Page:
Mystery. This is my other reason for choosing to name my organ after Robert Emmet. Nobody knows where Robert is buried. Before he was hanged, drawn and quartered on Thomas Street, he gave a speech from the dock, where he said:

"When my country takes her place among the nations of the earth, then, and not till then, let my epitaph be written."

His wish was granted, and he was interred by men who kept the whereabouts of his final resting place to themselves, men who died long ago and brought his secret to their own graves. There is no burial place at which a free Irish people can worship.

I suspect that whatever may lie in store for me, my transplant will remain the greatest mystery and wonder of my lifetime. It is shrouded in questions to which I will never have the answers. Who my donor was, what happened to them, was it really a boy as I believe it was, what was he like. I will never be able to visit his grave, to leave him flowers.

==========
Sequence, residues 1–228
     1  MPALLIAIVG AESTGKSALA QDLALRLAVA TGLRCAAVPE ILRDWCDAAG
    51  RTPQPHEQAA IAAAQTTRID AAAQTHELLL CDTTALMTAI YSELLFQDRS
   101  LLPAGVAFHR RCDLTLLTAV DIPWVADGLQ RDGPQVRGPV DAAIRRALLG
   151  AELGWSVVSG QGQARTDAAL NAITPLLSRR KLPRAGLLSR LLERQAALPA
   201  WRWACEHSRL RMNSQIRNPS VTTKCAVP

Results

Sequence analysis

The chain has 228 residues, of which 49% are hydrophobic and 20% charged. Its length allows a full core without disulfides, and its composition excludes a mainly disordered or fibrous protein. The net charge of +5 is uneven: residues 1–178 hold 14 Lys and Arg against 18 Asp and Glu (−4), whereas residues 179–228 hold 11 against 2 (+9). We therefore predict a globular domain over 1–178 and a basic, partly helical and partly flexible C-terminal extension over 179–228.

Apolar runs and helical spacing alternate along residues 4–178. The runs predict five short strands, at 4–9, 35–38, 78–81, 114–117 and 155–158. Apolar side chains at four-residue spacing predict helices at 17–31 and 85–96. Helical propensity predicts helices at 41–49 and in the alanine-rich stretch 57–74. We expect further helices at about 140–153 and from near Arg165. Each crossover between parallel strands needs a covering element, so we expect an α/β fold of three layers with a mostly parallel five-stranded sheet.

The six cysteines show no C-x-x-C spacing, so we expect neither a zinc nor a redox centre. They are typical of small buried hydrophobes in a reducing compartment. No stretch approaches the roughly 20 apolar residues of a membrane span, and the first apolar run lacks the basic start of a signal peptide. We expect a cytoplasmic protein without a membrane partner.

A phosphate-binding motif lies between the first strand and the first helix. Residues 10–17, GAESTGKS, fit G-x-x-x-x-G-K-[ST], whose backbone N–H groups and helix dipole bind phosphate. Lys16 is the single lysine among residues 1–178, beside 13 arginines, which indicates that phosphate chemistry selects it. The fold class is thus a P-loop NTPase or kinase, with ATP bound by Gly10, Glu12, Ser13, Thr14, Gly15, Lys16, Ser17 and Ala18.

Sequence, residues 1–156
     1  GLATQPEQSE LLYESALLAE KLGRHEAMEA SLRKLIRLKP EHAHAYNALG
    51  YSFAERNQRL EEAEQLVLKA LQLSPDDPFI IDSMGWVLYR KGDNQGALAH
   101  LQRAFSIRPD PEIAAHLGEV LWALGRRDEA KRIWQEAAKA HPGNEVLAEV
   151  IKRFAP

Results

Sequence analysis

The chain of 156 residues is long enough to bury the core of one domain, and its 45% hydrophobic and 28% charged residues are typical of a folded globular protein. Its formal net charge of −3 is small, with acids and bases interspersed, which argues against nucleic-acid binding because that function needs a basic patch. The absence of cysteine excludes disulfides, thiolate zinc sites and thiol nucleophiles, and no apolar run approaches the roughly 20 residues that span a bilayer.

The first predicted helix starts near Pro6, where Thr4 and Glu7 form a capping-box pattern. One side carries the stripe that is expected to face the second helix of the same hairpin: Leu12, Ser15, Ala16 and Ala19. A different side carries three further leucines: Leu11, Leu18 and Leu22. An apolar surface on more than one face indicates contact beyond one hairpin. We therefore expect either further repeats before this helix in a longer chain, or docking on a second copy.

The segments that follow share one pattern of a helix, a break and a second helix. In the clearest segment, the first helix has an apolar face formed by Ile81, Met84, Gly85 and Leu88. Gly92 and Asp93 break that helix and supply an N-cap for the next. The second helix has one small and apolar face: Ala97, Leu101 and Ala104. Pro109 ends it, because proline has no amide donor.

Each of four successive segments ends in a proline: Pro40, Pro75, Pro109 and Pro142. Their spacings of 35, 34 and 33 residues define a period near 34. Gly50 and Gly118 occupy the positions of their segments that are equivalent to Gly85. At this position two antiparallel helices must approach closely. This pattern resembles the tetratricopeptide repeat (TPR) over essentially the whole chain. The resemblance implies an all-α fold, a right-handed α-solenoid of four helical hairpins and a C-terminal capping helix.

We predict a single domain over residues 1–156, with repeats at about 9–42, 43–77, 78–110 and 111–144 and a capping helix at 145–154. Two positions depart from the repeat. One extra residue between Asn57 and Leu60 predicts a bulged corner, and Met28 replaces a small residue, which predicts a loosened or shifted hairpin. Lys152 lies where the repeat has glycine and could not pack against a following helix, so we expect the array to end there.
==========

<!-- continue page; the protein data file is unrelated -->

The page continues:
Finally, I hope my kidney will last for decades, and that I will have the opportunity to explain the scar on my tummy to a number of future young curious minds.

It thus needs to have an enduring recognisable quality, it needs not to draw blank expressions from school-going teenagers, as I regret to say the name Robert Emmet probably will.

Thanks to Stephanie Meyer there is a fictional boy that I suspect will be familiar to young ones for many years to come. There is a character called Emmet in the 'Twilight' series. Admittedly, he is a vampire, but he is a good and disciplined vampire. Not an indiscriminate blood-sucker like Dracula. And of course, vampires do live forever.

So that's us. Emmet and Reg. No. Emmet with Reg.

A story of boy meets girl, with a twist.

Saturday, February 4, 2012

The newness of me

Three weeks in, my friends.

Now that the pain is passing, and that I only feel the occasional sharp stab; now that I can walk for ten minutes without being breathless as a result of being on a ventilator on that special, special day; now that the staples have been removed, and the scar is healing nicely; with all these baby steps, I can catch glimpses of how life is going to be.